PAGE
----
While the words of Martin Luther King Jr., spoken at the Lincoln Memorial in Washington, D.C., 50 years ago, still ring from the annals of history, the words of others from the March on Washington speak as eloquently of the economic injustice suffered by African-Americans.
"Yes, we want all public accommodations open to all citizens, but those accommodations will mean little to those who cannot afford to use them," labor leader A. Phillip Randolph, who first envisioned the March on Washington, told the crowd of 250,000 on the Mall.
And this was written by Bayard Rustin, an organizer of the 1963 march:
"The struggle began with the problem of buses and lunch counters and theaters — in a word, with the problem of dignity. But since the roots of discrimination are economic, and since, in the long run, the Negro, like everyone else, cannot achieve even dignity without a job — economic issues were bound to emerge, with far-reaching implications."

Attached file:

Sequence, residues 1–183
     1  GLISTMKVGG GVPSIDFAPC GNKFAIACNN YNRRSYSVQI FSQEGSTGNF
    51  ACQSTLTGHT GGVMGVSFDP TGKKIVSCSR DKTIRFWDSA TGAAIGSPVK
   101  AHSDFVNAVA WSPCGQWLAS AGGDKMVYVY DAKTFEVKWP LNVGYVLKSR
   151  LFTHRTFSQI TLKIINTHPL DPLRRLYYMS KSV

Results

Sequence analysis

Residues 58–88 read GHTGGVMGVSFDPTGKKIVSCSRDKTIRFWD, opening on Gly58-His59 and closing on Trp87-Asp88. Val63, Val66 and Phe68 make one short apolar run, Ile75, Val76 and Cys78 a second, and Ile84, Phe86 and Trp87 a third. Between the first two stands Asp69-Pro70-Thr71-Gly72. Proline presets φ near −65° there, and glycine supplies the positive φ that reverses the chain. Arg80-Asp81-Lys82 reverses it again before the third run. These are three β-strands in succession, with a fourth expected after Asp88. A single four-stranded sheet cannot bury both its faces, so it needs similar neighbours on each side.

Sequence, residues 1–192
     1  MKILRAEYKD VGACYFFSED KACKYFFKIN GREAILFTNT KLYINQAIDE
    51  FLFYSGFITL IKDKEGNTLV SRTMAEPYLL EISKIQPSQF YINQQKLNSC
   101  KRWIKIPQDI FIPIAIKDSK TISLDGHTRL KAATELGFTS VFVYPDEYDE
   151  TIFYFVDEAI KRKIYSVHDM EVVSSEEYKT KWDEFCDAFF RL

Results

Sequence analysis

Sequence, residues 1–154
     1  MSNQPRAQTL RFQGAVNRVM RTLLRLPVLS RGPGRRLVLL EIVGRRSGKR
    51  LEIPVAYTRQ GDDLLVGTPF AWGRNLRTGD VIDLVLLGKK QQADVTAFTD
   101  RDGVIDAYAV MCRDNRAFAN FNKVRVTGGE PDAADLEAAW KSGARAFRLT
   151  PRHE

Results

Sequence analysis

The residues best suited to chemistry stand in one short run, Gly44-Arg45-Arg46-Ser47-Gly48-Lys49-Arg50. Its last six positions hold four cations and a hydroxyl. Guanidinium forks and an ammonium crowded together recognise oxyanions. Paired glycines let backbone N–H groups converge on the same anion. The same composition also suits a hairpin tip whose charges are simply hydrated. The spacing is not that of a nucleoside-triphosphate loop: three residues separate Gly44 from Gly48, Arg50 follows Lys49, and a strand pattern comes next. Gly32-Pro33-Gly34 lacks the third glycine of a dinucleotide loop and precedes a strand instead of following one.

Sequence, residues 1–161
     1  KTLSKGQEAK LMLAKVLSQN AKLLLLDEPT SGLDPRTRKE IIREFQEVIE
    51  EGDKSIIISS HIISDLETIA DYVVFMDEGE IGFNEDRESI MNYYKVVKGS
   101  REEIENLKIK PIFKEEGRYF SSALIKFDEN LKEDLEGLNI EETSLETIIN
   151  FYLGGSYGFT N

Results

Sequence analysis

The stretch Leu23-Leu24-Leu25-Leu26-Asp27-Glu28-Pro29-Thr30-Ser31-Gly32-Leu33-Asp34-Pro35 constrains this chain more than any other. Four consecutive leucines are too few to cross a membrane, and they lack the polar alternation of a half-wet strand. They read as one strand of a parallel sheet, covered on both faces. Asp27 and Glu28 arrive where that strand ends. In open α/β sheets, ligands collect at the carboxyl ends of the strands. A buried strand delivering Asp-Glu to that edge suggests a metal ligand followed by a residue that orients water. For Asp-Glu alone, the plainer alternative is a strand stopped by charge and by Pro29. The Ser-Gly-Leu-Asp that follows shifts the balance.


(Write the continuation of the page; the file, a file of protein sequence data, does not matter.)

Even as our nation's first black president stood to address tens of thousands Wednesday on the 50-year anniversary of the march, by most measures, the economic gap between African Americans and whites remains at least as wide as it was 50 years ago:
— According to the 2010 U.S. Census, 27.4 percent of African Americans are poor, compared to 9.9 percent of their white brethren.
— In 2011, on average, blacks' income was 66 percent that of whites, up only incrementally from 55 percent in 1963.
— From 1963 through 2011, the black unemployment rate, on average, was 11.6 percent, twice that of white Americans.
Unequal access to buses and lunch counters and theaters that Rustin spoke of has been largely addressed. The greatest victory of Dr. King and his followers was the defeat of such overt social injustice.
But economic injustice persists. And it's more difficult to identify the causes and solutions. If Dr. King's battle against social wrongs was a traditional war that pitted forces of freedom against clearly defined Jim Crow laws, the battle for economic equality is guerrilla warfare, where the enemy and his tactics are much more elusive.